By Team EarPeace
by Lauren Sarazen
In 1929, women weren’t authorized to ride in American Motorcyclists Association-sanctioned races. Motorcycle racing was not just a male-dominated sport. It was masculine, full stop. Generally speaking, you were more likely to see women in sidecars, rather than gripping the handlebars of their own machines, and even that was fairly scandalous. In 1930, 18-year-old Dorothy “Dot” Robinson changed all of that when she participated in the Flint 100-mile endurance run and won.
Born in Australia in 1912, Dot Robinson would one day go on to found the all-female riding club The Motor Maids in 1940 and become known as the First Lady of Motorcycling. While Robinson may be a familiar figure to motorcycle historians, it’s high time to explore more of her legacy as one of the 20th-century pioneers of women’s motorcycling.
Her passion for riding came from her father James Goulding. Sidecar designer, mechanic, and racer—you name it, James Goulding did it. The story goes he even picked up his wife and infant Dot from the hospital on his motorcycle, bundling his family into his sidecar. When Goulding immigrated with his family to the United States in 1918 to expand his growing business, he settled in Saginaw, Michigan where he opened a Harley Davidson dealership.
As a young girl Dot grew up around motorcycles and her family had no problem with teaching their daughter to become an able mechanic and an enthusiastic rider. Working part-time in the shop throughout high school, Dot even met her future husband, motorcycle racer Earl Robinson, when he came in to buy parts and stopped to flirt by talking shop with 18-year-old Dot.
"Every day after school, Earl would come to the shop to buy one part or another," Robinson said to the American Motorcyclists Association. "By the time we were married, Earl probably had enough parts to start his own store."
Robinson took racing seriously, successfully lobbying the American Motorcyclists Association to allow her to participate. She was one of the first women to do so in 1930, opening up possibilities for future women riders. Dot and Earl married a year later in 1931 and began riding and competing together as a team, as well as entering races as individuals. In one 1940 race, Dot even broke the transcontinental record for sidecar riding—with Earl riding shotgun in her sidecar—and going on to win for the second time in 1946.
While it almost feels reductive to assert that women riders can be, well, women, this was no joke in mid-20th-century America. It was hard enough to endure the cookie-cutter stereotypes of what it meant to be a wife and mother without willfully steering away from mainstream femininity in favor of an exhilarating, albeit highly masculine, sport. At 5’2”, Dot had to fight to be taken seriously in the masculine world of motorcycle racing, but she wasn’t willing to dispense with her style.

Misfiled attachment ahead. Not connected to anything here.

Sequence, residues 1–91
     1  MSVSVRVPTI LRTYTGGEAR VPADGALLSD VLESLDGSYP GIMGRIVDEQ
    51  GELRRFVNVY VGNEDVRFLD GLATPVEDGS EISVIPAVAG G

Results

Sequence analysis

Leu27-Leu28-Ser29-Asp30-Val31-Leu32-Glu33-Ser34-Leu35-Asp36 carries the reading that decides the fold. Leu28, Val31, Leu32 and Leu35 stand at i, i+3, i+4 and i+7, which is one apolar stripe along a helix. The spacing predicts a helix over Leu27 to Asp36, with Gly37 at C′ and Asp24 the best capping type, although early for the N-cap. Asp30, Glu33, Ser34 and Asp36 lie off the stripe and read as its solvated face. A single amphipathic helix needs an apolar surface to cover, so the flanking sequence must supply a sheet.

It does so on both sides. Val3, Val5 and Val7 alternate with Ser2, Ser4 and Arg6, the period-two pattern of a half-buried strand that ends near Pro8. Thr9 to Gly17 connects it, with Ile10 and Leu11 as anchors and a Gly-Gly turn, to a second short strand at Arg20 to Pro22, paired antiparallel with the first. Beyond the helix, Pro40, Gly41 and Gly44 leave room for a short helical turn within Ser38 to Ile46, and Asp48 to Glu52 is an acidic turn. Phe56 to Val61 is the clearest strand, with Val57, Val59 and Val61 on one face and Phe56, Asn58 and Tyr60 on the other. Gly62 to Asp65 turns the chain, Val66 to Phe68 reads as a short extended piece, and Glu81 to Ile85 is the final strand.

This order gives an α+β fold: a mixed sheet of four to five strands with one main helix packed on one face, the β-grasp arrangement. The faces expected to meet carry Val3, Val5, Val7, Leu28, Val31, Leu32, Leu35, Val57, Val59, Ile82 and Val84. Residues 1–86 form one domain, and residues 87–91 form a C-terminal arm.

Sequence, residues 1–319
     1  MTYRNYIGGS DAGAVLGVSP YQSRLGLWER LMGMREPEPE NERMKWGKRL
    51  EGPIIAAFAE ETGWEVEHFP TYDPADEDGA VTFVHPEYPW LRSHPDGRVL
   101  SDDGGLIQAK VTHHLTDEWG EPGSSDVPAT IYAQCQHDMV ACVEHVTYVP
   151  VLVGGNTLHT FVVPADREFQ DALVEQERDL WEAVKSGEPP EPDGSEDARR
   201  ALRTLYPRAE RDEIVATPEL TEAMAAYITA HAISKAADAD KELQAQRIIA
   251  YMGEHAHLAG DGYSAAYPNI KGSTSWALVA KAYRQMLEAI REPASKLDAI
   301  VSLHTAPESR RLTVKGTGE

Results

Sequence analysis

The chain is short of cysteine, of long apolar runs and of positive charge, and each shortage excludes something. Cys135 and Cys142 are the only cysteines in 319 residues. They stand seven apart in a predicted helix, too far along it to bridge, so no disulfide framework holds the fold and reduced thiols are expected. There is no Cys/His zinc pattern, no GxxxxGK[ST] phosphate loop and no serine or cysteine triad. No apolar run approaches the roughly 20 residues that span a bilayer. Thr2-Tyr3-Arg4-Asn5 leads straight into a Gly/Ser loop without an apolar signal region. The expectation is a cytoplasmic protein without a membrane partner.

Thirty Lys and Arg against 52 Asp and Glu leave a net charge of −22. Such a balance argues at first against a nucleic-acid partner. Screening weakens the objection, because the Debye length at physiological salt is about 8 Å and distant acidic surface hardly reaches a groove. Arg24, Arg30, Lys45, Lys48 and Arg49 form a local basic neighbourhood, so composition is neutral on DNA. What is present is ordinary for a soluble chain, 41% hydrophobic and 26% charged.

Photos of Robinson over the years certainly paint a pretty picture. She strongly believed that you could be stiff competition and look good while doing it and upheld this throughout her life. It was rare to see Dot without a full face of makeup, even while riding. According to the Motor Maids website, she would even change clothes after competition before joining her fellow racers. After a grueling two-day race, featuring riding through mud and whipping past brush, the guys piled into the local bar only to realize Dot was missing. “I’ll never forget the picture: Dot walking into the bar in a black sheath dress and a pillbox hat,” Hap, of the Sarasota, Florida Honda Dealership recalled. In the 1950s, Dot even began favoring all-pink riding ensembles, rejecting the trademark black leathers Hollywood chose to dress bad boy motorcyclists in on-screen. While hyper-feminine styling was part of Dot’s M.O. (later in life, she even customized her pink touring Harley to include a dedicated compartment just for her lipstick), her true focus was about encouraging women to ride—no matter what they wanted to wear while doing it.
In 1940, Dot teamed up with her future friend Linda Dugeau to found The Motor Maids with this exact goal: to let women know that they can be fervent motorcyclists and show that they were welcome on the road. Inspired by stories of the Nintety-Nines, a women’s aviation club founded in 1929, Dugeau dreamed of a similar association to bring female motorcyclists together. After meeting at the 1940 Laconia National and hearing Dugeau’s ideas, Robinson was sold. The two women founded the club within the year and worked tirelessly to legitimize motorcycling as a pastime for women as well as men. Together, Robinson and Dugeau spread the word about The Motor Maids at competitions across the United States, with Dot riding about 50,000 miles around the country each year to increase visibility. Dot was eventually elected as the club’s first president, a role she served for 25 years. While joining a riding club isn’t necessary to enjoy the sport, The Motor Maids paved the way for other women’s riding collectives and made riding motorcycles something women could publicly enjoy and be proud of it. Unsurprisingly, The Motor Maids took off and still exists today with about 1,300 active members and counting across the United States and Canada.
It’s estimated that Dot Robinson rode over 1.5 million miles on her motorcycles, celebrating 1 million miles in 1968. After riding for most of her life, she eventually retired from riding due to health issues. After knee surgery made it difficult to climb on and off her motorcycle, she called it quits at age 85. Inducted into the AMA Hall of Fame in 1998 at 86 years old, Dot quipped that despite her accomplishments as a female rider, she “made the fatal mistake along the way—I got old!” She passed away a year later in Orlando, Florida, leaving behind an impressive and inspiring legacy for women riders interested in busting through gendered barriers and embracing their passion.